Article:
Kagan Confirmation Hearing To Begin June 28
WASHINGTON – At a hearing Wednesday morning, Senate Judiciary Committee Chairman Patrick Leahy (D-Vt.) announced that proceedings to consider the nomination of Solicitor General Elena Kagan to be an Associate Justice of the U.S. Supreme Court will begin on June 28.
“This is a reasonable schedule that is in line with past practice,” said Leahy. “Last year, we proceeded with the hearing on the nomination of Justice Sotomayor 48 days after she was designated. Senate Republicans said that hearing was fair, and was conducted fairly. This year, I am scheduling the hearing to start 49 days after the nomination was announced.”
Leahy has outlined a confirmation schedule that mirrors the timelines followed for recent nominations, including the confirmation of Chief Justice Roberts and Justice Sonia Sotomayor. Both were confirmed 72 days after each nomination was announced. Chief Justice Roberts’ confirmation hearing was originally set to begin 49 days after President Bush announced his nomination, and was delayed just one week in the aftermath of Hurricane Katrina, the passing of Chief Justice Rehnquist, and Roberts’ subsequent re-nomination to be the Chief Justice. Justice Sotomayor’s confirmation hearing began 48 days after her nomination was announced by President Obama.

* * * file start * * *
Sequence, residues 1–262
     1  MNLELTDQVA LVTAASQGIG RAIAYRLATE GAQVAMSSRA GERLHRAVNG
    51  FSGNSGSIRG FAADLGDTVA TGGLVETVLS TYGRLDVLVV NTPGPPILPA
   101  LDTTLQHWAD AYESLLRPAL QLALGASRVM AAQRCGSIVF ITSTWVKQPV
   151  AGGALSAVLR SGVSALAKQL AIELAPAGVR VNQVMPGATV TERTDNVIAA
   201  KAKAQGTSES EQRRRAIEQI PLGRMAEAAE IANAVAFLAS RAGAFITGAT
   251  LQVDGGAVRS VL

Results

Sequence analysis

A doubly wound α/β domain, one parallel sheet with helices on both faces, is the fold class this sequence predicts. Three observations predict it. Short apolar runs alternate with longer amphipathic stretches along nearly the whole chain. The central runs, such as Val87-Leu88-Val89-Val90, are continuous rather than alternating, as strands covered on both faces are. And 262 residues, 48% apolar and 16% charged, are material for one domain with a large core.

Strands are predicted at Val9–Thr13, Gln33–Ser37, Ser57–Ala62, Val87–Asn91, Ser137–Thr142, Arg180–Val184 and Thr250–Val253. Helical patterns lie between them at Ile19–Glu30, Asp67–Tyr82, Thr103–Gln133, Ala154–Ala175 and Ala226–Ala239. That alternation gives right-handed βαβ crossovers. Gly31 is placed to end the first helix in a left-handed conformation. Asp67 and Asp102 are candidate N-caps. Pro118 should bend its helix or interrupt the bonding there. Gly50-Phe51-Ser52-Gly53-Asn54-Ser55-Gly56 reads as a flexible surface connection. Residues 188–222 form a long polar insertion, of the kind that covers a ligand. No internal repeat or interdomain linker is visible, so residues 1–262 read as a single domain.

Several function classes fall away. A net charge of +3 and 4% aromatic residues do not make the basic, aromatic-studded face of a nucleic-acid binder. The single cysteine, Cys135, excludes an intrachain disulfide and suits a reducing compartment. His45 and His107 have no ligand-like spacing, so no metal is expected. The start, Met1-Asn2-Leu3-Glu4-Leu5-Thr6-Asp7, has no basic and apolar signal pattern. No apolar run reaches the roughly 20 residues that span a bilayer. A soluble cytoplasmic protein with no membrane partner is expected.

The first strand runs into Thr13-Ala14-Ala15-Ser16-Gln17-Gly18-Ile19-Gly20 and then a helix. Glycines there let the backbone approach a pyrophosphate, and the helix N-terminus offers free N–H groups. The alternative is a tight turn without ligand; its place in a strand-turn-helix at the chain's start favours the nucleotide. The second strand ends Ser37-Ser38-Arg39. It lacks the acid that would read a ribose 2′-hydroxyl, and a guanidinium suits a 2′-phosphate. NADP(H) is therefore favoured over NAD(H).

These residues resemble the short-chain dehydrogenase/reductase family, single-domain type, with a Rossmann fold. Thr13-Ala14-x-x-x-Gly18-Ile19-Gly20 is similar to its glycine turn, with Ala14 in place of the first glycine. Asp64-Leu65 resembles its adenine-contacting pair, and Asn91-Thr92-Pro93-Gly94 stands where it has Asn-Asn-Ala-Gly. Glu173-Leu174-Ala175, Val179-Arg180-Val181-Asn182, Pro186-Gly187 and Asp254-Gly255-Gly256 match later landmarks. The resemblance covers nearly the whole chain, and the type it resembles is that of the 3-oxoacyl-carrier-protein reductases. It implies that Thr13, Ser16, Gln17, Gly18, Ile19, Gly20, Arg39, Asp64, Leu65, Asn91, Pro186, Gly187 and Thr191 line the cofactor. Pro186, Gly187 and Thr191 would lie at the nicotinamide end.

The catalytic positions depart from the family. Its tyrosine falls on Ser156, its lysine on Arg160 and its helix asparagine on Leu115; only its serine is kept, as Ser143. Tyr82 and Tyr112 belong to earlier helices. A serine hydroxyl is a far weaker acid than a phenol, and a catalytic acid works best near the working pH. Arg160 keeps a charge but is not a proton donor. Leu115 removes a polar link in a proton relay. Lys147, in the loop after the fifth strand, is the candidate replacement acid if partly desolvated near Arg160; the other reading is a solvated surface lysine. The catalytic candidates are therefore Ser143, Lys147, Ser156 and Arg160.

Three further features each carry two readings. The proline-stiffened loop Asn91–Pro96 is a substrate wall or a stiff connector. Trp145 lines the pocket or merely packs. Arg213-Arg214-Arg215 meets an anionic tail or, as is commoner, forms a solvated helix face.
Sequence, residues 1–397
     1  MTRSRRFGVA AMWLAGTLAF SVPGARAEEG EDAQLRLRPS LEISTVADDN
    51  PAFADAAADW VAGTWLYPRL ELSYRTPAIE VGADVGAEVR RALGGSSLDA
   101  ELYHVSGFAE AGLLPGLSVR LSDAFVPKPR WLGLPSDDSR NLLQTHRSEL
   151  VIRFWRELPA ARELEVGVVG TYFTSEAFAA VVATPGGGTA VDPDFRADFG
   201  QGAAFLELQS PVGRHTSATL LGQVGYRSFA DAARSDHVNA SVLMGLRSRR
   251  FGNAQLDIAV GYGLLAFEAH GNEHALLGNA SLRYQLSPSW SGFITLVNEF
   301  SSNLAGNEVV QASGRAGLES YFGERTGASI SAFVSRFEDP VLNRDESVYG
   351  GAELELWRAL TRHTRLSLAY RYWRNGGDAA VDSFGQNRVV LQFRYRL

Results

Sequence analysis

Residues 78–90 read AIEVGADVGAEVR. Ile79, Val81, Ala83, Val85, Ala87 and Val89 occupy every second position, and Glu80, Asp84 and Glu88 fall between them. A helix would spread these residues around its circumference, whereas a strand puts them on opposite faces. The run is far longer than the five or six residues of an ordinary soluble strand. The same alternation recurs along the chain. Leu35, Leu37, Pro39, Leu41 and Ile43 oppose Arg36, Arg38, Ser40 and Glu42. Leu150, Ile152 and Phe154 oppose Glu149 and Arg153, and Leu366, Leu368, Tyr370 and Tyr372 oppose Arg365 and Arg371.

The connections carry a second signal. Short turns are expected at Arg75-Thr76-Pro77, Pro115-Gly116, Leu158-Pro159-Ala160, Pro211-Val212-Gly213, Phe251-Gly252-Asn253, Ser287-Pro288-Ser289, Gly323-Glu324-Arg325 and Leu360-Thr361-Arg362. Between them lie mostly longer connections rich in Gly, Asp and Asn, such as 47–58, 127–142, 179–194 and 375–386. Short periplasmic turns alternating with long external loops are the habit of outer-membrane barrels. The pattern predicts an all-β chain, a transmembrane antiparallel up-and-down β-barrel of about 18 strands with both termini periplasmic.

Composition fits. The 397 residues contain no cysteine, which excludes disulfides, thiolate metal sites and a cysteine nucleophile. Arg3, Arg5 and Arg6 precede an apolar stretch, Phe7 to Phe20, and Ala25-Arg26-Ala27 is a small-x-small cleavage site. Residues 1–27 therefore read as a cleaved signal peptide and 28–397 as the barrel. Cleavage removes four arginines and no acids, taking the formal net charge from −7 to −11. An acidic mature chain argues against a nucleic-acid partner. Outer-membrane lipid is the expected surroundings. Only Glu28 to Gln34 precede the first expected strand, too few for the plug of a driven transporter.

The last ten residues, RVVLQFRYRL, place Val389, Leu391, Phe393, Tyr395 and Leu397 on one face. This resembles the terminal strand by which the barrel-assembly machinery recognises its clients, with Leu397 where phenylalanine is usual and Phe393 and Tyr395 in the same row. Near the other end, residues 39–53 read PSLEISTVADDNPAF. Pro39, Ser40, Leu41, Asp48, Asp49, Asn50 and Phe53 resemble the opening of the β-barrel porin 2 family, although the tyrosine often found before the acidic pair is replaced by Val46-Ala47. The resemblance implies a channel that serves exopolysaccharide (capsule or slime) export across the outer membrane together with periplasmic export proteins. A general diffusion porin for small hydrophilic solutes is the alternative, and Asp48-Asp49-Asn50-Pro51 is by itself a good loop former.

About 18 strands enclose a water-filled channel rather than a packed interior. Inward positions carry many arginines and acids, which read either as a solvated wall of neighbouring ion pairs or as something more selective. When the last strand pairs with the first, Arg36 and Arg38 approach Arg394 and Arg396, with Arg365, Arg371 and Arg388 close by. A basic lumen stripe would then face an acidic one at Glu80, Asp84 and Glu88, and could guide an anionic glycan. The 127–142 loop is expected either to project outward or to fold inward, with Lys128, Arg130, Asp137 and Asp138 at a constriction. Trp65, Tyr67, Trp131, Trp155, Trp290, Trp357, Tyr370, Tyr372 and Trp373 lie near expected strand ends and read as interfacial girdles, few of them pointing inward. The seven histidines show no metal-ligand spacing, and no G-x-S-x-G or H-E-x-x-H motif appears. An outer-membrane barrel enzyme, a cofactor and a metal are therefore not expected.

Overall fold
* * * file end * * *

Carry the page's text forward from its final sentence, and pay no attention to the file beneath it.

During the Committee’s consideration in 2005 of the Roberts’ nomination, Senate Democrats agreed to waive the right to hold over for one week a Committee vote on the nomination. Only then did Senate Republicans abandoned their effort to hold the confirmation hearing just six weeks, or 42 days, after the nomination was announced, and instead scheduled the hearing for 49 days after the designation. No similar agreement was made by Senate Republicans in connection with the Sotomayor nomination, nor has a similar agreement been made in connection with the Kagan nomination.